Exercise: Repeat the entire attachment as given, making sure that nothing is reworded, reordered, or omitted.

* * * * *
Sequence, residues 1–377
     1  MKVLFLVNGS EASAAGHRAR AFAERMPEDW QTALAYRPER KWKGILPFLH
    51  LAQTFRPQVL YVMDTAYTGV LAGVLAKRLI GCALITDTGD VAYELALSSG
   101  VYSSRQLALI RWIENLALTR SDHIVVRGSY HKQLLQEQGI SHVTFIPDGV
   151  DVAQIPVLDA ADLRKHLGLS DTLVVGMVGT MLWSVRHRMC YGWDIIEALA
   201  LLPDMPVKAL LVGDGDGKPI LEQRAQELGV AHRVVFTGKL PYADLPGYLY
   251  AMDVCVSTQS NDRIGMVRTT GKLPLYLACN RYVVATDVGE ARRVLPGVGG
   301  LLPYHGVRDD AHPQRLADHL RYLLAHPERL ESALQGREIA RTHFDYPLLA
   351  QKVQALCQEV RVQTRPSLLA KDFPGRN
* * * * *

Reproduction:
Sequence, residues 1–377
     1  MKVLFLVNGS EASAAGHRAR AFAERMPEDW QTALAYRPER KWKGILPFLH
    51  LAQTFRPQVL YVMDTAYTGV LAGVLAKRLI GCALITDTGD VAYELALSSG
   101  VYSSRQLALI RWIENLALTR SDHIVVRGSY HKQLLQEQGI SHVTFIPDGV
   151  DVAQIPVLDA ADLRKHLGLS DTLVVGMVGT MLWSVRHRMC YGWDIIEALA
   201  LLPDMPVKAL LVGDGDGKPI LEQRAQELGV AHRVVFTGKL PYADLPGYLY
   251  AMDVCVSTQS NDRIGMVRTT GKLPLYLACN RYVVATDVGE ARRVLPGVGG
   301  LLPYHGVRDD AHPQRLADHL RYLLAHPERL ESALQGREIA RTHFDYPLLA
   351  QKVQALCQEV RVQTRPSLLA KDFPGRN